Southern Glass Works made containers in shades of aqua, green, several shades of amber, and (rarely) cobalt blue. The most common color, by far, is aqua (blueish-green), and many slightly different shades of aqua can be seen by comparing various bottles. Cylinder whiskey bottles are seen in amber. One example of a “K C & Co” soda bottle is known in a medium green color. Several wax sealer jars are known in shades of light green and amber.
I can state with 100% certainty that at least a few cobalt blue bottles were made by Southern Glass Works. I have an upper portion of a “ginger oval” type bottle — the typical shape of older JAMAICA GINGER bottles — in cobalt. Although the base portion — thus the glass manufacturer’s mark — are missing, from close examination of that shard, it matches perfectly with an entire bottle in aqua. The mold used to form the bottle had several tiny imperfections (small bumps and indentations) that were unique to that mold, and comparing the shard with a complete aqua example, it is obvious the cobalt shard was from the same mold. The bottle would be embossed “S. G. W. / LOU. KY.” on the base. If you have seen a complete bottle of this type, or know someone who has one, please contact me as I would love to obtain a photo of that bottle.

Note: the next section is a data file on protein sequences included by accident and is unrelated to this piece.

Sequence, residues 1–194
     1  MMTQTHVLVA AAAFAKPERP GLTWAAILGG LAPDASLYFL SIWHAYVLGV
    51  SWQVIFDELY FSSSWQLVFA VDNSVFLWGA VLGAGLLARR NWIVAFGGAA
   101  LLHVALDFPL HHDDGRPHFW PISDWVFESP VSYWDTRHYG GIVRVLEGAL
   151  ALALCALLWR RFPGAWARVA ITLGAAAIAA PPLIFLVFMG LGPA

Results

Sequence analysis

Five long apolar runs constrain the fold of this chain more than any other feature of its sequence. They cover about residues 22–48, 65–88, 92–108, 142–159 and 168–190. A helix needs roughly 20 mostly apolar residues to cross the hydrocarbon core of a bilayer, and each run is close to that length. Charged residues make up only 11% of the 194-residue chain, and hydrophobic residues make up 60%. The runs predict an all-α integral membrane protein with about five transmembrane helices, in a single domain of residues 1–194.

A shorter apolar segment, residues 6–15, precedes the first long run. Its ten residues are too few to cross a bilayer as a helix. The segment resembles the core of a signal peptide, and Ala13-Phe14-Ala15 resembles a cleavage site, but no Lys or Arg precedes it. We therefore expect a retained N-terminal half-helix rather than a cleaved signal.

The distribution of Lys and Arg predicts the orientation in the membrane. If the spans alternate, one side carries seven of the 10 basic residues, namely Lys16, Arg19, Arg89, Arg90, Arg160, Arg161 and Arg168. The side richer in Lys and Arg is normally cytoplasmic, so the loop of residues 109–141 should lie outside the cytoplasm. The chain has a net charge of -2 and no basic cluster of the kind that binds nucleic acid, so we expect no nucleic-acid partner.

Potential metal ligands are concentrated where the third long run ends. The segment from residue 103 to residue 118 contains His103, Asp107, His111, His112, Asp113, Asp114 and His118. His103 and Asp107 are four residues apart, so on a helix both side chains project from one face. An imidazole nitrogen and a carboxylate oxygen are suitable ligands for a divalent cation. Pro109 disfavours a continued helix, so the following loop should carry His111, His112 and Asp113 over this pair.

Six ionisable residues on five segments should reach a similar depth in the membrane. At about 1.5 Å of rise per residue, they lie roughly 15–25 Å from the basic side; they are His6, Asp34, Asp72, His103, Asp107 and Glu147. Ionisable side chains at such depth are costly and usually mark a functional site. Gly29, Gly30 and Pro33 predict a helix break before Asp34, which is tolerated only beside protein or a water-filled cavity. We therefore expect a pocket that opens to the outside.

It is also possible (but not proven!) that Southern Glass Works was the maker of the very rare Louisville whiskey “pig bottle” which is known in cobalt blue. At this time, only 2 examples are known in cobalt. Because of the time period when they were made, the likely manufacturer was either Southern Glass Works or Kentucky Glass Works Company, also of Louisville.
The Southern Glass Works was certainly not in operation for at least part of the time during the years 1884 and 1885. No individual employee listings were found for glassblowers employed by Southern in the city directories from those two years, although the company itself was still listed in the business section. All glassblowers employed by Southern in 1883 are listed as employed elsewhere in ‘84 and ‘85 so I assume that the factory was not actually in operation for all or much of the time during the period, or at least during the period of time when the data for the city directories was being collected.